Lunchtime Lecture: 3 Things About Chicago River Bridges
The fascinating history of Chicago River bridges was the subject of the final scheduled Lunchtime Lecture of the season at the McCormick Bridgehouse and Chicago River Museum on Aug. 26. “As a bridge nerd, I love historic bridges. And if they’re moveable, to me, it’s like playing with Tonka trucks,” said historian Patrick McBriarty, author of “Chicago River Bridges” and co-host of the podcast Windy City Historians.
Here are three things you may not know about Chicago’s bridges from McBriarty's talk:
1. Today, most of the boat traffic on the river is pleasure craft and that limits the number bridge lifts. In the spring, the bridges downtown rise to allow the boats to move from storage downstream to Lake Michigan. In the fall, the boats return. But when the Michigan Avenue bridge opened in 1920, it probably lifted and lowered about 2,000 times in its first year, McBriarty said, because of the amount of commercial traffic. “There was a joke at the time that when you were late to a meeting it was said you ‘got bridged,’ “ he said.
Boat owners do not pay fees for the bridges to lift as they are designated navigable waterways, said McBriarty.
2. A 1992 incident narrowly missed killing a bridge maintenance worker when an enormous iron ball flew from a crane and tore into his car through the driver’s side back window. The worker, identified in news accounts as Jesus Lopez, was in the car at the time. “I guess I was just lucky,” Lopez later told reporters of the close call.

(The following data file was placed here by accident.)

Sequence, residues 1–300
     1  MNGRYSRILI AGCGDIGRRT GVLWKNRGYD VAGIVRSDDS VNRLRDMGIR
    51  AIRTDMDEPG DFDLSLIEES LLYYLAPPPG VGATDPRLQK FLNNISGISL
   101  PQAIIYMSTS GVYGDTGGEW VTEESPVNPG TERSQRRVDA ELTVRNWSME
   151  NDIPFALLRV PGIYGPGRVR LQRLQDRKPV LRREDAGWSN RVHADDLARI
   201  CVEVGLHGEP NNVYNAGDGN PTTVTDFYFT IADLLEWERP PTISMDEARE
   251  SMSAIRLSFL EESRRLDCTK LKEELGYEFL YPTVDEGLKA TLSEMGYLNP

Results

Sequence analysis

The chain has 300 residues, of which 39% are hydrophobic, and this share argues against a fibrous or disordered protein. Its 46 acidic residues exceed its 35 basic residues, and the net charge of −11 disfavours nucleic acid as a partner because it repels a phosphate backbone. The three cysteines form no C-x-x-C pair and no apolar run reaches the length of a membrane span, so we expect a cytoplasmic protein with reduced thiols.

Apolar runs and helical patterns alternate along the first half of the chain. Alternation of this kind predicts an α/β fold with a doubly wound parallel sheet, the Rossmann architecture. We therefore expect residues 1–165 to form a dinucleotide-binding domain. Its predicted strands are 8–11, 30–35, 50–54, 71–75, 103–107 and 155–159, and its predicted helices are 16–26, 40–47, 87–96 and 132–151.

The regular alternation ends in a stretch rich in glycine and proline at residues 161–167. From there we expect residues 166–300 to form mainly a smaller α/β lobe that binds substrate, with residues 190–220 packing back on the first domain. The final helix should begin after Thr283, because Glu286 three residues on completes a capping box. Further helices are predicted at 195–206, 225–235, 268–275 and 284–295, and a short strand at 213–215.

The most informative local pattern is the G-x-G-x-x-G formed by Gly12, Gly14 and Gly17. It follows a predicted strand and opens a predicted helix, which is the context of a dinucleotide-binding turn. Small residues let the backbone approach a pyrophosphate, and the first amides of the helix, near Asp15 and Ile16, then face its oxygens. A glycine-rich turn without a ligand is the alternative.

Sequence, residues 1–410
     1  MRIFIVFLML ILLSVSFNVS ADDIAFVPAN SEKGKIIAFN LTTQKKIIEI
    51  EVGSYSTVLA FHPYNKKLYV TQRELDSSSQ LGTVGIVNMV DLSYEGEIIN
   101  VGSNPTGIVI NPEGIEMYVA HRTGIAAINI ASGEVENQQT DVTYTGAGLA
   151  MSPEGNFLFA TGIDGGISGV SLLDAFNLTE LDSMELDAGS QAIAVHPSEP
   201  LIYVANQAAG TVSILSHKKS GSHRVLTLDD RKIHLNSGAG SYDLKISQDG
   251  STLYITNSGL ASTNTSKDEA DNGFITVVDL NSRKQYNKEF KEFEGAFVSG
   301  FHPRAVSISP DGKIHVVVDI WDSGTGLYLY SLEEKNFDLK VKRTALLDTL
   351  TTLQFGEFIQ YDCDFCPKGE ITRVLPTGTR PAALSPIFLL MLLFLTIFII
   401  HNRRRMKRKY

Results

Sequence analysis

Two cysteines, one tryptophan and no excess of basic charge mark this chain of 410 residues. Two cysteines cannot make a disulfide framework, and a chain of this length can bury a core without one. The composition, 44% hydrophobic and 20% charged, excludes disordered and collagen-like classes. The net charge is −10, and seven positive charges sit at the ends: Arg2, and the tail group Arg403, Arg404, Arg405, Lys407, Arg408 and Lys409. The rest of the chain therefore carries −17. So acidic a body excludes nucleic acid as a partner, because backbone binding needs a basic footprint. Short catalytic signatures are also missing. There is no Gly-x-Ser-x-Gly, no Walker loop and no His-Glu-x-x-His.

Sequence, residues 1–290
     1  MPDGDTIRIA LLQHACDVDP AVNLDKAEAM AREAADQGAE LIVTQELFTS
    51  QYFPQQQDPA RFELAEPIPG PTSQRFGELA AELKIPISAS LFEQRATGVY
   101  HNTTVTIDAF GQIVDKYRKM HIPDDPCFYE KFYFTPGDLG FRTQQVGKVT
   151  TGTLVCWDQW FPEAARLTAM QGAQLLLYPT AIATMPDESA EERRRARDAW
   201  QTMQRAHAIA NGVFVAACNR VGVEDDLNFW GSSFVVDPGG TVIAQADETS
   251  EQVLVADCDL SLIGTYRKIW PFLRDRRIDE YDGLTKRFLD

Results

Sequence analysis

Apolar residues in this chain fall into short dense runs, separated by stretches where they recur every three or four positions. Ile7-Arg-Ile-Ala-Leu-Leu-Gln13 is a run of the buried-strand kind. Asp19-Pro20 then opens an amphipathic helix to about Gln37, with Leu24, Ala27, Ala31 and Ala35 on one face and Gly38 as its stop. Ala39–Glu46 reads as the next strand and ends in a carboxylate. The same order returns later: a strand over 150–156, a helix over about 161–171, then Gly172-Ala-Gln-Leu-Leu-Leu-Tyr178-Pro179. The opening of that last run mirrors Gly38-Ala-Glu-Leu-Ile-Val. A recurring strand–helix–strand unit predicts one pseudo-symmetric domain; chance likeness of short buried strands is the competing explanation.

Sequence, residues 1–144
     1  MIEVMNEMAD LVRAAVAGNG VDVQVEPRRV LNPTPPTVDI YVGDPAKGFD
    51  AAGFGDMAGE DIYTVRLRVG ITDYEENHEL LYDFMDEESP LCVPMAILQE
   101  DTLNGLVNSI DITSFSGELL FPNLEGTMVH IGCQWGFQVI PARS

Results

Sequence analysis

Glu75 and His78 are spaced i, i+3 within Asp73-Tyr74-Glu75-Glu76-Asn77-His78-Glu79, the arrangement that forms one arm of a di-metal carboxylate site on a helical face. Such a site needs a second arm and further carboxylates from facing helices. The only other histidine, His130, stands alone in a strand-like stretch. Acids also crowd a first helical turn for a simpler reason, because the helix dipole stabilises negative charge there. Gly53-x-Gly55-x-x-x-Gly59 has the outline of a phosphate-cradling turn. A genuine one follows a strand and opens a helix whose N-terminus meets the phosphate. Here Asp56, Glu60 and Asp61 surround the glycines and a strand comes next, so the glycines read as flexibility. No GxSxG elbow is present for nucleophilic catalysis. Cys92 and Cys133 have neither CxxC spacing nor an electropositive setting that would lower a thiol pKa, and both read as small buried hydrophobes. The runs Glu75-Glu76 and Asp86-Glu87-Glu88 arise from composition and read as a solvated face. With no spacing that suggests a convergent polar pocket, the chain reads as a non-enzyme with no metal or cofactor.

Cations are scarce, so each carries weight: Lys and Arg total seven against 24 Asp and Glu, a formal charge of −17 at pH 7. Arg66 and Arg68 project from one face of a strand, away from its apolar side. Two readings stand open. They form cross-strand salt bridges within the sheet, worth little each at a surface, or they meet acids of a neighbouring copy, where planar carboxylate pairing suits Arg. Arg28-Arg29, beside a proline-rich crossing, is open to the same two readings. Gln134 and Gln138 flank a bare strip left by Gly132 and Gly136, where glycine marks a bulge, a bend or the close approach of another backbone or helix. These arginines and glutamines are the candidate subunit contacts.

The incident occurred when a leaf of the bridge suddenly sprang up during a rehabilitation project, sending a construction crane crashing down and the iron ball hurling into Lopez’s car. Six people on a nearby CTA bus were also injured in a panic when debris came raining down on the bus. Two traffic light poles, a crossing gate, and a Chicago police car were also damaged. Vibrations in the bridge, perhaps caused by wind, may have caused the leaf to violently spring upward, with the crane serving as a counterweight, according to a Tribune report. “It flipped open like a catapult,” said McBriarty.
The worker, he said, “stepped out apparently unscathed but a little shaken up.”
3. Another near-catastrophe occurred on the day the bridge noisily debuted in 1920.
“It was a huge deal. They had a big parade. There were bands. They had different groups parading through,” he said. Sometime during the ceremony, a tug boat pulled up and tooted its horn to request that the bridge be lifted.
“The bridge tender followed the procedure, which was to make sure there was nobody on the bridge, close the traffic gates and then raise the bridge,” he said. “This being a double-decked bridge there was a problem: nobody made sure the lower level was cleared.”
About five cars were still on the bridge below as the bridge prepared to lift. The noise from the celebration drowned out people shouting for the bridgetender to stop and he could not hear the warnings. Quick-thinking policemen shot their pistols into the air which got the attention of the bridgetender.
“The gunfire averted this disaster of people getting killed,” McBriarty said.
Author Patrick Briarty is introduced by the Friends of the Chicago River's Director of Strategic Initiatives Joanne So Young Dill. The Lunchtime Lecture, normally held on the McCormick Bridgehouse & Chicago River Museum plaza on the Chicago Riverwalk, was moved indoors because of rain.
McBriarty's book is available at the McCormick Bridgehouse & Chicago River Museum in the bridgehouse on the southwest corner of the Michigan Avenue bridge or on Amazon.